Living legend Hopkins enthralls at presser

It has been a long time since Bernard Hopkins scored a knockout.

So long, in fact, that the fighter himself betrayed a haziness that is totally atypical of a man who is so dialed in on staying in shape that he steers clear of sugar like it's rat poison.

He asked for the year on Wednesday at B.B. King Blues Club & Grill in Manhattan during a presser to tout his Saturday clash in Atlantic City, N.J. against Karo Murat, a German-based boxer.

One wiseguy yelled "2004," which is when a Hopkins left hook convinced Oscar De la Hoya that the middleweight division was a bridge too far for him.

"I don't want to go 12 [rounds] all the time," said Hopkins, who turns 49 on Jan. 15. "Trust, me I'm trying [for a KO], I've just been on a bit of a drought."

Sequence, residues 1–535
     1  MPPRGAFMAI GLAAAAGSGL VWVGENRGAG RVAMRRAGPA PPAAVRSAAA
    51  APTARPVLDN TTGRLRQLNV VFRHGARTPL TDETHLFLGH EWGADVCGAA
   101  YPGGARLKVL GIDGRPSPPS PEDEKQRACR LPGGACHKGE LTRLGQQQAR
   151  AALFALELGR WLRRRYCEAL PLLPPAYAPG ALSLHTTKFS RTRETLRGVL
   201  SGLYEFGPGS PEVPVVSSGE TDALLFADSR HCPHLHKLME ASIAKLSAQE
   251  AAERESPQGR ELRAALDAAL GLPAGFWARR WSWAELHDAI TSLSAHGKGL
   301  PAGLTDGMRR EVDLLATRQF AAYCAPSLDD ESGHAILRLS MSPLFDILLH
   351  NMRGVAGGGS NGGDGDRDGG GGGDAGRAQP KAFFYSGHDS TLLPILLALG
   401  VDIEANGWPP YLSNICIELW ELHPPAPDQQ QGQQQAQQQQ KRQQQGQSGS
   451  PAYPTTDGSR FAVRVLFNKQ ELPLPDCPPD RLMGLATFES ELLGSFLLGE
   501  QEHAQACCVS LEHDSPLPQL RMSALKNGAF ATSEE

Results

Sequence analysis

Hopkins (53-6-2 with 32 KOs) can command the attention of a room, where he spoke with the same intensity with which he fights. He also zigs and zags between humor and barbs, some self-deprecating, and isn't afraid to throw zingers at haters and rivals. Murat (25-1-1 with 15 KOs; age 30) didn't get slammed, though both Hopkins and trainer Naazim Richardson all but said they'd look for spots to press the underdog and stop him inside the distance.

Middleweight titlist Peter Quillin, who defends his WBO belt against Gabriel Rosado in Atlantic City on the same card, seems to be soaking up Hopkins' wisdom, though. He took aim at the lack of energy in the room, and exhorted the assembled media and fight game citizens to clap with more zing. Hopkins took Quillin's cudgel, and swung it, playfully labeling the attendees slothful.

Heavyweight journeyman Nicolai Firtha (21-10-1) may have stolen the show, or at least the portion Hopkins left up for grabs. Firtha expressed a palpable joy -- or a skill for acting which would serve him well in Hollywood -- when he said he was overjoyed to be given the opportunity to meet 29-0 Deontay Wilder, who has stopped every foe he has met to this point.

Showtime will televise the card.